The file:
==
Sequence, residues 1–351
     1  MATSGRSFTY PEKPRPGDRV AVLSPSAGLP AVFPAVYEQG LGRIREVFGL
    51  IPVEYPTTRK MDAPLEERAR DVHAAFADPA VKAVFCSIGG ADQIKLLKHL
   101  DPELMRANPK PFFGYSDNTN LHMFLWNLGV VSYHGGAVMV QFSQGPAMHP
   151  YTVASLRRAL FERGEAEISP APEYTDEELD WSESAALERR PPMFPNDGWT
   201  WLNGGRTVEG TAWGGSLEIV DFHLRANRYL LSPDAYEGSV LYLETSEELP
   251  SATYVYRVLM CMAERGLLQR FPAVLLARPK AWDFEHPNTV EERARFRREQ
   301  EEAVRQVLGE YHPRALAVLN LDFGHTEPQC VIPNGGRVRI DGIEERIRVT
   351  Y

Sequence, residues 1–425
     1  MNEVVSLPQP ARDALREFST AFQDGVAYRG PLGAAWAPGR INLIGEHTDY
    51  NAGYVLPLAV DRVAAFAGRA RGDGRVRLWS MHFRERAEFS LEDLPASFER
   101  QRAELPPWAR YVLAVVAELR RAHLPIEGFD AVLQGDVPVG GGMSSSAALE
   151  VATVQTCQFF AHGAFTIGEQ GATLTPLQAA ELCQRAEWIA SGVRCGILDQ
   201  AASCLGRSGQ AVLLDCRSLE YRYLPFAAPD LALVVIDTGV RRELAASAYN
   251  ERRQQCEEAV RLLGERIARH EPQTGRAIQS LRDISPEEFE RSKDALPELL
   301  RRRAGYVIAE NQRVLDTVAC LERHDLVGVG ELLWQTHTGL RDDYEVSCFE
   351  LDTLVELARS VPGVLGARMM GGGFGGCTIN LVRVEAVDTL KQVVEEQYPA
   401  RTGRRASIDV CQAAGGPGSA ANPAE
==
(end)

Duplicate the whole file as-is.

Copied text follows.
Sequence, residues 1–351
     1  MATSGRSFTY PEKPRPGDRV AVLSPSAGLP AVFPAVYEQG LGRIREVFGL
    51  IPVEYPTTRK MDAPLEERAR DVHAAFADPA VKAVFCSIGG ADQIKLLKHL
   101  DPELMRANPK PFFGYSDNTN LHMFLWNLGV VSYHGGAVMV QFSQGPAMHP
   151  YTVASLRRAL FERGEAEISP APEYTDEELD WSESAALERR PPMFPNDGWT
   201  WLNGGRTVEG TAWGGSLEIV DFHLRANRYL LSPDAYEGSV LYLETSEELP
   251  SATYVYRVLM CMAERGLLQR FPAVLLARPK AWDFEHPNTV EERARFRREQ
   301  EEAVRQVLGE YHPRALAVLN LDFGHTEPQC VIPNGGRVRI DGIEERIRVT
   351  Y

Sequence, residues 1–425
     1  MNEVVSLPQP ARDALREFST AFQDGVAYRG PLGAAWAPGR INLIGEHTDY
    51  NAGYVLPLAV DRVAAFAGRA RGDGRVRLWS MHFRERAEFS LEDLPASFER
   101  QRAELPPWAR YVLAVVAELR RAHLPIEGFD AVLQGDVPVG GGMSSSAALE
   151  VATVQTCQFF AHGAFTIGEQ GATLTPLQAA ELCQRAEWIA SGVRCGILDQ
   201  AASCLGRSGQ AVLLDCRSLE YRYLPFAAPD LALVVIDTGV RRELAASAYN
   251  ERRQQCEEAV RLLGERIARH EPQTGRAIQS LRDISPEEFE RSKDALPELL
   301  RRRAGYVIAE NQRVLDTVAC LERHDLVGVG ELLWQTHTGL RDDYEVSCFE
   351  LDTLVELARS VPGVLGARMM GGGFGGCTIN LVRVEAVDTL KQVVEEQYPA
   401  RTGRRASIDV CQAAGGPGSA ANPAE